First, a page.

ETHICS COMMISSION, TOWN OF GLASTONBURY v.

FREEDOM OF INFORMATION COMMISSION et al., SC 18601

Judicial District of New Britain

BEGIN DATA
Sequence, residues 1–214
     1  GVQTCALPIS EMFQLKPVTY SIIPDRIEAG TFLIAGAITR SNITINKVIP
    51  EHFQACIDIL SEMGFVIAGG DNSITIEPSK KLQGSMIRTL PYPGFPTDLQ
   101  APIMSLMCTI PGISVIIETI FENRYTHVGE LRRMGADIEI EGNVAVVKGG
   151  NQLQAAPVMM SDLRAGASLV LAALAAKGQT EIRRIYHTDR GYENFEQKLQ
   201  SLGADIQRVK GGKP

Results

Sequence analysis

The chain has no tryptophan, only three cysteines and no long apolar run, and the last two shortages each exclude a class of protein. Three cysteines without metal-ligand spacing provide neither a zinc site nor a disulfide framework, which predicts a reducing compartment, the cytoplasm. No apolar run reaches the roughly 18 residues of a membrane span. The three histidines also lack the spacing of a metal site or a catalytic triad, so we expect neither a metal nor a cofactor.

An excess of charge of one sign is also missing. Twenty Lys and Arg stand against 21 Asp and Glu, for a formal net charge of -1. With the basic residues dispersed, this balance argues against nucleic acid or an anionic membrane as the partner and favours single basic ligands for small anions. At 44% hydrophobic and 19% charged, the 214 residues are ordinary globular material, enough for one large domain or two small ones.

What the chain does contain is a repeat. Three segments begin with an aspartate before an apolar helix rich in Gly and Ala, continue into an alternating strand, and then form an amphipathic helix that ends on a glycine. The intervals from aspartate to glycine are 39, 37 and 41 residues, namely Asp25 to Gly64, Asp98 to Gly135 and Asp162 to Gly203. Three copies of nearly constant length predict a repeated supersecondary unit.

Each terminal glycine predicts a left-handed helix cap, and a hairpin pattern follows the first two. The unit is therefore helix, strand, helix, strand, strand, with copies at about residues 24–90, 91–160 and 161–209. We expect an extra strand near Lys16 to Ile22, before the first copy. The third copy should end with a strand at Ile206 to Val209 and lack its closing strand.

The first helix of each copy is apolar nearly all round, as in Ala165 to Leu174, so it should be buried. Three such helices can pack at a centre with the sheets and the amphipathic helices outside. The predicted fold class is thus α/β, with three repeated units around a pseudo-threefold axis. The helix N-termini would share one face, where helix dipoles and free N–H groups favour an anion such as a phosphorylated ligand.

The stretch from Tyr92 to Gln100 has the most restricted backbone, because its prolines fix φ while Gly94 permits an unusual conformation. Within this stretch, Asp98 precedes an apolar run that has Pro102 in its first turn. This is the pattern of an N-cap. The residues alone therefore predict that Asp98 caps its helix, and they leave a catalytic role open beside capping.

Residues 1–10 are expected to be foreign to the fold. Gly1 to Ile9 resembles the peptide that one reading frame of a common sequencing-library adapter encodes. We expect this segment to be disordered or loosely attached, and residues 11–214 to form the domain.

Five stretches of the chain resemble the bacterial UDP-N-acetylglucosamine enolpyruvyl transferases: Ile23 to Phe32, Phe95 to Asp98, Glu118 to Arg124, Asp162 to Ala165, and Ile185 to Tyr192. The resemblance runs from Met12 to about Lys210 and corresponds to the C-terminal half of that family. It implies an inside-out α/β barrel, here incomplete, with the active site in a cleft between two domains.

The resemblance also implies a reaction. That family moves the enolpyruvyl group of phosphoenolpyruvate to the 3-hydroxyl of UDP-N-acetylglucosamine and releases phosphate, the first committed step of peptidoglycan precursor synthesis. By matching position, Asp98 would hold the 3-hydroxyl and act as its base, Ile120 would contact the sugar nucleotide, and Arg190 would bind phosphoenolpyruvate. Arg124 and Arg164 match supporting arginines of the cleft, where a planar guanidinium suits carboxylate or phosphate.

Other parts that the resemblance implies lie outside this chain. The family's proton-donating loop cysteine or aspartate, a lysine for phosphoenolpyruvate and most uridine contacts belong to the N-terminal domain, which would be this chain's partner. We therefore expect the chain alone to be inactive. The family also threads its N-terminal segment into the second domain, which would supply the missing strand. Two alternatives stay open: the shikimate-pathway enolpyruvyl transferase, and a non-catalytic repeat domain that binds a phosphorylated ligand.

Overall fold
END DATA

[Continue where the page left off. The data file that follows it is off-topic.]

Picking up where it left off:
Freedom of Information Act; Whether the Freedom of Information Commission is Statutorily Prohibited From Imposing a Penalty that Requires an Agency to Record its Future Executive Sessions.  The freedom of information commission (FOIC) found that the plaintiff, the Glastonbury ethics commission, violated the Freedom of Information Act (act) by improperly convening an executive session to discuss a complaint alleging unethical conduct by certain town officials.  The FOIC ordered the plaintiff to "cause minutes to be filed of the . . . executive session to the same degree as would have been revealed by conducting the session in public."  Subsequently, the plaintiff amended its minutes of the executive session.  Defendant Karen Emerick appealed to the FOIC, claiming that the plaintiff failed to comply fully with the FOIC's order in that the information disclosed was not sufficient to reveal what transpired in the executive session.  The FOIC agreed with Emerick and, as a penalty, ordered the plaintiff to make and maintain, for a period of three years, an electronic audio recording of each of its executive sessions or any other meeting that was closed to the public.  The plaintiff appealed that decision to the Superior Court.  Noting that General Statutes § 1-226 expressly authorizes the tape recording of public sessions of public agencies, but is silent on the issue of the tape recording of executive sessions, the plaintiff invoked the doctrine of expressio unius est exclusio alterius  ("the expression of one thing is the exclusion of the other") in claiming that § 1-226 must be interpreted as prohibiting the tape recording of executive sessions.  The trial court rejected this interpretation.  It explained that the fact that § 1-226 does not specifically authorize the recording of executive sessions could not be taken to mean that the legislature intended to bar their recording absolutely.  The plaintiff next argued that the FOIC did not have authority to issue the challenged sanctions order under General Statutes § 1-206 (b) (2), which provides that "the [FOIC] may . . . order the agency to provide relief that the [FOIC], in its discretion, believes appropriate to rectify the denial of any right conferred by the [act]."  (Emphasis added.)  Specifically, the plaintiff argued that, because a finding of a violation of the act is a prerequisite to the issuance of a penalty under § 1-206 (b) (2), the FOIC does not have authority under that statute to impose a prospective mandatory injunction against an agency in matters factually and legally unrelated to the complaint before it.  The court, however, concluded that § 1-206 (b) (2) provides the FOIC with broad authority to craft individualized remedies, as long as the remedy is specifically tailored "to rectify the denial of any right conferred by the [act]."  The court  ruled that the penalty imposed by the FOIC did not constitute an abuse of discretion because the penalty was intended to cure the plaintiff's violation of the act and make the FOIC whole.  In this appeal, the Supreme Court will review the trial court's decision.